- It gives you room to maneuver. If what the interviewer offers doesn’t sound great but you sense they’re holding out on you, this gives you the perfect opportunity to ask for more with a line like this: “Thanks for letting me know. That amount was close to my expected salary, which is…” At this point, you can hit them with whatever number you think is reasonable, based on your market research and the homework you did beforehand on the company you’re interviewing with.
- You can go all-in. If you haven’t agreed to a number set by the company by the time a job offer rolls around, you can say some variation of this: “After careful research, it seems relocation/commuting logistics will be problematic with that number, so I cannot accept the current offer.” You run the risk of scaring away the employer and the offer, but there’s a good chance they’ll up the salary offer as well. Be prepared to lose it all, though, if you play this card.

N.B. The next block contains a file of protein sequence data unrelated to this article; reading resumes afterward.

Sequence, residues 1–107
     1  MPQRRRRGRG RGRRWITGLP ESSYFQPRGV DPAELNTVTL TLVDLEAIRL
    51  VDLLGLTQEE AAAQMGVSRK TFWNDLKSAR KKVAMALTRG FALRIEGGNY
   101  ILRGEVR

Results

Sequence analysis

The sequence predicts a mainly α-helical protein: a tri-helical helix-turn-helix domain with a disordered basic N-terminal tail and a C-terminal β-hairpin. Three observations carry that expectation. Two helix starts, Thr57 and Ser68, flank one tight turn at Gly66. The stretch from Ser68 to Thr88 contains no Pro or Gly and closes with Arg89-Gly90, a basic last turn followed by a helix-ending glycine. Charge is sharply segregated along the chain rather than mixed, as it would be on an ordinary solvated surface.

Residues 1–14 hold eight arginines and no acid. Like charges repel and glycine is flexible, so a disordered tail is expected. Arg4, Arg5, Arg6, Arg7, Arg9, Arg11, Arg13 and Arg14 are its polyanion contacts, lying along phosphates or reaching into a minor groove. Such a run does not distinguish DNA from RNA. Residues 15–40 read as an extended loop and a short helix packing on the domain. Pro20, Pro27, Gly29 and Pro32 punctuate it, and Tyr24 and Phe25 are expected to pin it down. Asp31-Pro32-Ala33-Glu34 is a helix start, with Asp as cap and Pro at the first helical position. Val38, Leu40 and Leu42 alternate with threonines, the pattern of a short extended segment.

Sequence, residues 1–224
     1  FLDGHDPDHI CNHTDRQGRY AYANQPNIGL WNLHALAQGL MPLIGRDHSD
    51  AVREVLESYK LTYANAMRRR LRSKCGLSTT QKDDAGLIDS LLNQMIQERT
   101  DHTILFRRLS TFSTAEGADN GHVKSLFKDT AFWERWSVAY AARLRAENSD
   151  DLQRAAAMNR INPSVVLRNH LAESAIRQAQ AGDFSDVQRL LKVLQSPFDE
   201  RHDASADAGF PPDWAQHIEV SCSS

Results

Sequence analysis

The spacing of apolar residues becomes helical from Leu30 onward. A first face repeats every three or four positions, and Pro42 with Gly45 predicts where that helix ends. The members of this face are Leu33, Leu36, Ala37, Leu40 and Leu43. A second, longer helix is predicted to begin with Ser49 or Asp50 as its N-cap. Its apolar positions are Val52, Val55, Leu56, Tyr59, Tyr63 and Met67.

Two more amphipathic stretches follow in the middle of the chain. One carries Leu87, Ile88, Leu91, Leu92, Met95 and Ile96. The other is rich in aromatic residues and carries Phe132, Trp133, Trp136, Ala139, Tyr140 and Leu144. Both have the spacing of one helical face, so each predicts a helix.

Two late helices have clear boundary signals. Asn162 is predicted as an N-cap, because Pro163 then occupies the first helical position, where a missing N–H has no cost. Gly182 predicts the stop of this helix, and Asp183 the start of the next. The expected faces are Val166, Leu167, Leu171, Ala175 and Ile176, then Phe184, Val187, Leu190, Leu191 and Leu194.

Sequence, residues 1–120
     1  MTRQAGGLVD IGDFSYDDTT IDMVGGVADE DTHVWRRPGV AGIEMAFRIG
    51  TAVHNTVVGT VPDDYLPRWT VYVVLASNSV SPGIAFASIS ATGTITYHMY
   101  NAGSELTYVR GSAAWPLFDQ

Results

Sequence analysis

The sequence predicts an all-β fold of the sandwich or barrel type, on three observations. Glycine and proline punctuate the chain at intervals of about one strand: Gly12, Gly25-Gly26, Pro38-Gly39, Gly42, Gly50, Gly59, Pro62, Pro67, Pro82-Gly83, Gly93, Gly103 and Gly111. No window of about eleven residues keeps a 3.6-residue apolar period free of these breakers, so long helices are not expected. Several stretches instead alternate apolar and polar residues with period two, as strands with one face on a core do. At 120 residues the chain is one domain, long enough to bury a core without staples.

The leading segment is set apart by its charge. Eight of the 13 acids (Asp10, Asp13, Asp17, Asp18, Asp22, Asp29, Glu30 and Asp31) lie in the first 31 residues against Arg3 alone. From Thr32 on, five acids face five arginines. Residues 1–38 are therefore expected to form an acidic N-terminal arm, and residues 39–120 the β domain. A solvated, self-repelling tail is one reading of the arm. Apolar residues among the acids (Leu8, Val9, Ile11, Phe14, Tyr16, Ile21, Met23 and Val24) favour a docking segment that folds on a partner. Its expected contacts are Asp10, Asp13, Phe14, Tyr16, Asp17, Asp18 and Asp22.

Expert opinions on how to answer salary expectations
With all that in mind, it’s easy to see why the strategic non-answer is a pretty smart choice for most salary expectations situations. But don’t just take my word for it; other experts agree that silence is golden.
Melissa Llarena, on behalf of Forbes, wrote up her own thoughts on how to answer the question and came to a similar conclusion: “Be confident but flexible until you reach the stage where an offer has been made.” Don’t disqualify yourself by setting hard salary expectations before an offer arrives. After all, the end goal of an interview process is always to reach the offer stage, so stay in the game until it’s make-or-break time. Then, when they’ve already committed to you mentally with an offer, present your own.